Great post, especially for us noobs still wading through the mounting heap of acronyms in the baseball world. I think the reason I’m drawn to places like this is that stat development and projection models seem like real bright spots in the midst of an otherwise phony era. I don’t think it’s coincidence that steroids and SABR are blowing up around the same time… Though I don’t have any numbers to back it up, I think fans will always be looking for authenticity in the game.
Interesting observation, MLT. I suppose sabermetric analysis restores some of the historical continuity that may have been lost for some as a result of the Steroid Era. That’s not to say advanced metrics can account for ped-enhanced performance or determine who’s using and who isn’t (at least not yet!) but they provide more of a historical (warning: cliche to be used ahead) “level playing field” when it comes to side-by-side analysis of a players’ value.
While of the idea of “baseball as a living narrative” has emanated from nostalgia and memory for some, advanced stats allow everyone to view that narrative as based in logic and objectivity instead. I think the decision, whether conscious or not, to embrace sabermetric analysis depends on what is more valuable to you: nostalgia (which can be nebulous) or historical objectivity. I just want to have both…
Happy New Year and thanks for all you do! I love this site and appreciated that post. The acronym soup can be confusing, but it’s good for us to learn what they mean and how they work.
Thanks so much to you and Tango and everyone else for all the stats, and to all of the writers, you and Tango included of course, who give us something to chew on every day.
Very well put. I think you and MLT may have a good point.
I like what you wrote…
“While of the idea of “baseball as a living narrative” has emanated from nostalgia and memory for some, advanced stats allow everyone to view that narrative as based in logic and objectivity instead. I think the decision, whether conscious or not, to embrace sabermetric analysis depends on what is more valuable to you: nostalgia (which can be nebulous) or historical objectivity. I just want to have both…”
I know for me, James’ work and now this, it gives me a much better sense of historical comparison. Are all ballplayers now just worse than Ted Williams because they don’t hit 400? No, certainly not. For one thing, hitting for a high average isn’t the best thing you can do, and for another, context, context, context. For me, having a way to put Ted Williams and Joe Mauer or Albert Pujols in a story that lets them be wonderful players and makes sense of what they do..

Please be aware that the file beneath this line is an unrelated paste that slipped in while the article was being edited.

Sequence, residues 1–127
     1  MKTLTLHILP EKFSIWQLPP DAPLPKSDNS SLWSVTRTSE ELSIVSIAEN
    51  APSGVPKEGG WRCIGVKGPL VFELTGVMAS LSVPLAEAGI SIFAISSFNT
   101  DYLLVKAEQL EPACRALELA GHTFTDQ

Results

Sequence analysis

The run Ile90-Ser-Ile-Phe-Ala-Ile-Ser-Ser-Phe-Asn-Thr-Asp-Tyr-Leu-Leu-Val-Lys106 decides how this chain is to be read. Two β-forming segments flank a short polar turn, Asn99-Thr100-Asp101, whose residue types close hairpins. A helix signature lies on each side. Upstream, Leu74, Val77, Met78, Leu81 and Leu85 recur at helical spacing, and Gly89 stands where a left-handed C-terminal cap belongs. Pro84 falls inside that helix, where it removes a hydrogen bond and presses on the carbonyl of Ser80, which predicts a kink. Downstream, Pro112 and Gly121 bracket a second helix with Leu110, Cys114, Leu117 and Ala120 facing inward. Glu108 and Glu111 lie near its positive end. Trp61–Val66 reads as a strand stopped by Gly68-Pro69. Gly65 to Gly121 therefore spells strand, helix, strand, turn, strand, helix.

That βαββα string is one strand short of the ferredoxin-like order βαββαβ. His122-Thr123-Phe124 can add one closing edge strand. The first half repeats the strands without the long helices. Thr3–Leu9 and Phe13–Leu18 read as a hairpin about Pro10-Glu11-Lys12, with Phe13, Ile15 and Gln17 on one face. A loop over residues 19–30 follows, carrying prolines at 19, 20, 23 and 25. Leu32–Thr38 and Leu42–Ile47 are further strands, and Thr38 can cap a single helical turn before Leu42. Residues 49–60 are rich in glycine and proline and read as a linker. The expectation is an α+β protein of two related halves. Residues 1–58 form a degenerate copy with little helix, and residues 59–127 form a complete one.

That’s why I’m here. In addition to enjoying the on field game, that sense of history is why I love baseball and the power of SABR type work to enhance that is a real and unexpected joy. (A year ago I’m not sure I knew what “SABR” meant. Thanks, Rob Neyer…)
“For me, having a way to put Ted Williams and Joe Mauer or Albert Pujols in a story that lets them be wonderful players and makes sense of what they do..” Excuse me…
… Is another reason to love this game. One of the biggest, at least for me.
But if Silva asked me if the scene is getting too saturated, I would say this:
For now, I agree. A nice, slow phase in until metrics become a 2nd language, as much as AVG, RBI, ERA, etc, is needed. Shouldn’t mean that for those actively seeking better measurements (geek fans and front office types, occasional reporter), that you should just stop. wRC+ has definitely been demanded, because wOBA, as useful as linear weights are, sucked at comparing players of different eras. wRC+ addresses it. Now we can check and see that Mickey Mantle was even better than we thought, we can stop penalizing Padres and loving on Rockies, etc.
Essentially, just because they’re being formulated, doesn’t mean that Tom Tango plans on driving to Bristol, CT and putting a gun to the ESPN Production Director’s head and threatening to shoot if BBTN doesn’t begin in depth xBABIP analysis on players, and that Brian Kenny should be put into the booth on Sunday Night Baseball…
Companies will come up with complex metrics that measure how changes affect their goal, whether it is producing more product, product with fewer rejects, or simply profit.
In baseball the object at a low level is producing runs or preventing opponent runs, which general metrics are lined up with. But the higher level object is winning games, so we get things like leverage (from the simple GWRBI to WPA), and the highest level is championships, which is difficult to measure (if I add my CF with league-average fielding and 105 OPS+ and 25/32 SB being paid at $30M/3 yr to an average playoff team with a 60 percentile payroll in an average market, does that increase their chance of winning the WS?).